Re: A nit and an addition for the current draft

On Mon, 18 Sep 1995, Bert Bos wrote:

> Bill Perry writes:
>  |Bert Bos writes:
>  |> Steve Grimm writes:
>  |> 
>  |>  |The nit: The text-background attribute has an ambiguous value type.
>  |>  |
>  |>  |<style>
>  |>  |	body: text-background="bluegreen"
>  |>  |</style>
>  |>  |
>  |>  |There's no way for a parser to know if "bluegreen" is a relative URL or a
>  |>  |color name.  Perhaps there should be two attributes for background, with a
>  |>  |defined order of precedence between them.
>  |> 
>  |> The intention is that color names are entered as keywords without
>  |> quotes. The reasoning behind this is, that, presumably, the number of
>  |> color names is small, so they can be entered in the parser's hash table.
>  |
>  |  That seems a particularly poor way to differentiate between the two.  If
>  |a user wants 'readability' they might very well choose to write everything
>  |like:
>  |
>  |body: text-background="red" text-foreground="white" font-style="demi-bold"
>  |
>  |  Ideally, this should `just work right' from the users perspective.
> Why would quotes be `just right'?
> The first will be a (relative) URL's and so that at least works, but
> only if the style designer has provided a definition for "red" on his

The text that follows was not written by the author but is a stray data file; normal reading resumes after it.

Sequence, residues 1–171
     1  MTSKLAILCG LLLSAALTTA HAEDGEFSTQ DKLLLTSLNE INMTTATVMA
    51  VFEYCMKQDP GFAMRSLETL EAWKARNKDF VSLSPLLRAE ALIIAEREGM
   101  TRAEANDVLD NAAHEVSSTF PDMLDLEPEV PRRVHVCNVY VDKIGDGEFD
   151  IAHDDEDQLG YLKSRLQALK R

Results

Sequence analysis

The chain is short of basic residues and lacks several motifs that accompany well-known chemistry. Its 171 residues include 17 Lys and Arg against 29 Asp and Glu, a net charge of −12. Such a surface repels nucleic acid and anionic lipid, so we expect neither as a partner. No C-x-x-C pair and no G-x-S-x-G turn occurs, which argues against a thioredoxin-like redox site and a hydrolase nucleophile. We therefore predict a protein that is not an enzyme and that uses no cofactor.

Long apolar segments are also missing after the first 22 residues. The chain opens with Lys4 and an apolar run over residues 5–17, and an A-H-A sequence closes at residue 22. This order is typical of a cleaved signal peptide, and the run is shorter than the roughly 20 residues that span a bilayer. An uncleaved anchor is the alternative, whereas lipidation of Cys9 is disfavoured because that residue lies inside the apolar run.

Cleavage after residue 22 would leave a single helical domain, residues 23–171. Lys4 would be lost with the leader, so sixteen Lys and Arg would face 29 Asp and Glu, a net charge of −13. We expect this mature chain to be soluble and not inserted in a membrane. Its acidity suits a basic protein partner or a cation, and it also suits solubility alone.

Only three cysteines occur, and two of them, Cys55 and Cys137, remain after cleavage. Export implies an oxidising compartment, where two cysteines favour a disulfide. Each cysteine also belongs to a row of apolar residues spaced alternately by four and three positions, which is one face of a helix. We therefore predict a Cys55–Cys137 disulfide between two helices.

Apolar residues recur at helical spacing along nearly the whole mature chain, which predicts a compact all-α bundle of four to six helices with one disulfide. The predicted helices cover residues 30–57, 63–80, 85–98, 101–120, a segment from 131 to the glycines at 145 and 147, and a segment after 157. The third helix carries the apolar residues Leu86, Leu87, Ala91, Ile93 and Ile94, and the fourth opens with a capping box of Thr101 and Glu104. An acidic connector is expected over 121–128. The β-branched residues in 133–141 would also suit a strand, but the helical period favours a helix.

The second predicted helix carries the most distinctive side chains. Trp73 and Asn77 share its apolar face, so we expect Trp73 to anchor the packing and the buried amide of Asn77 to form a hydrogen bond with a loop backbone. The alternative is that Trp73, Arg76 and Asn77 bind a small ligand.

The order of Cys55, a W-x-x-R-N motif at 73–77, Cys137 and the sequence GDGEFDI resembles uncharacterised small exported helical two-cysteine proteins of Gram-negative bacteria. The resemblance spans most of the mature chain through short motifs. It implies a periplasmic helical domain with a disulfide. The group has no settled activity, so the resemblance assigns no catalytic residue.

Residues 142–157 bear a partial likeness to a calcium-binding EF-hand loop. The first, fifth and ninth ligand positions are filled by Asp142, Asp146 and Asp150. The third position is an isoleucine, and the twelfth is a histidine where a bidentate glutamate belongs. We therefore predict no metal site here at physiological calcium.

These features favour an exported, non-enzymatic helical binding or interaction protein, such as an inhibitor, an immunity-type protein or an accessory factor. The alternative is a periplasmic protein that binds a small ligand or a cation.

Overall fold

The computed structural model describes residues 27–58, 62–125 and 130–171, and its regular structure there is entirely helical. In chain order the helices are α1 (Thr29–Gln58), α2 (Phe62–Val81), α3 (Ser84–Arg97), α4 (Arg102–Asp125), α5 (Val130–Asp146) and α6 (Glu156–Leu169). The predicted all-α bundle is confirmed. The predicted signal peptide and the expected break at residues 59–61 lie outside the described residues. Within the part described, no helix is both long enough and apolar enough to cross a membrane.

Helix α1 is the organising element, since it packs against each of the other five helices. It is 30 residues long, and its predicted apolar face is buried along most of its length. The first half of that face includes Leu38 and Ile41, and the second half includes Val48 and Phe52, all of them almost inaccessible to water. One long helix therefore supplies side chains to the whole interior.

> server.
> The other two won't work, because a string is not a valid data type
> for these properties. Are you suggesting that strings should be
> acceptable anywhere a keyword is expected? This may cause confusion
> for the places where the string is to be interpreted as a URL.
> Or do you want separate properties for URL's, such as
> `text-background' vs `text-background-url'? The problem is that this
> may not be very intuitive either. For example:
>   LI: text-background-url = "snowflake"
>   (LI) P: text-background = red
>   OL: text-background = red
>   (OL) P: text-background-url = "snowflake"
> A P inside an LI inherits a background pattern, but it is overridden
> with a background color. A P inside an OL inherits a background color,
> but it is overridden with a background pattern.

I think that background colors and images should not exclude eachother... 
instead, background images with "transparent" regions should show the 
background color in those regions, so that the above CSS could lead to 
white snowflakes on red as the background. This would seem to resolve the 

Benjamin C. W. Sittler
   "I have great confidence in fools -- self confidence my friends call it."
                            --Edgar Allen Poe
mailto:bsittler@nmt.edu                           http://www.nmt.edu/~bsittler/